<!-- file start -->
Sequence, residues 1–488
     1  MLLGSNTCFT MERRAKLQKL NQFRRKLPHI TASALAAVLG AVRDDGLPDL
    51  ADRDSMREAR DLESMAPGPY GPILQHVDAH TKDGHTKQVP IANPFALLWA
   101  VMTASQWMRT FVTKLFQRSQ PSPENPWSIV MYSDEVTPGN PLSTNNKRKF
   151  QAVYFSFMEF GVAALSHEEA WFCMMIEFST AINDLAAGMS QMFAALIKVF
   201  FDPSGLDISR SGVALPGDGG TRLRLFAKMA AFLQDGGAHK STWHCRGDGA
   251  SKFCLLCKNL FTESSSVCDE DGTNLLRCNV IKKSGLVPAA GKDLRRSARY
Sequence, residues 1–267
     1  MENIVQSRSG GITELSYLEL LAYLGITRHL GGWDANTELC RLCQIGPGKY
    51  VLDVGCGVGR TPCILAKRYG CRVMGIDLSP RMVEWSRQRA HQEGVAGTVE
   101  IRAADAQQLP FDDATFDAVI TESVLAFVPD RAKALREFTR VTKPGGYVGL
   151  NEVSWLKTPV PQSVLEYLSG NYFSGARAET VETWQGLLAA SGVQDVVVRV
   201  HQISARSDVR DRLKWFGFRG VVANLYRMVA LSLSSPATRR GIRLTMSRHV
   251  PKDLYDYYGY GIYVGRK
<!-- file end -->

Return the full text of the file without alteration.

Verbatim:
Sequence, residues 1–488
     1  MLLGSNTCFT MERRAKLQKL NQFRRKLPHI TASALAAVLG AVRDDGLPDL
    51  ADRDSMREAR DLESMAPGPY GPILQHVDAH TKDGHTKQVP IANPFALLWA
   101  VMTASQWMRT FVTKLFQRSQ PSPENPWSIV MYSDEVTPGN PLSTNNKRKF
   151  QAVYFSFMEF GVAALSHEEA WFCMMIEFST AINDLAAGMS QMFAALIKVF
   201  FDPSGLDISR SGVALPGDGG TRLRLFAKMA AFLQDGGAHK STWHCRGDGA
   251  SKFCLLCKNL FTESSSVCDE DGTNLLRCNV IKKSGLVPAA GKDLRRSARY
Sequence, residues 1–267
     1  MENIVQSRSG GITELSYLEL LAYLGITRHL GGWDANTELC RLCQIGPGKY
    51  VLDVGCGVGR TPCILAKRYG CRVMGIDLSP RMVEWSRQRA HQEGVAGTVE
   101  IRAADAQQLP FDDATFDAVI TESVLAFVPD RAKALREFTR VTKPGGYVGL
   151  NEVSWLKTPV PQSVLEYLSG NYFSGARAET VETWQGLLAA SGVQDVVVRV
   201  HQISARSDVR DRLKWFGFRG VVANLYRMVA LSLSSPATRR GIRLTMSRHV
   251  PKDLYDYYGY GIYVGRK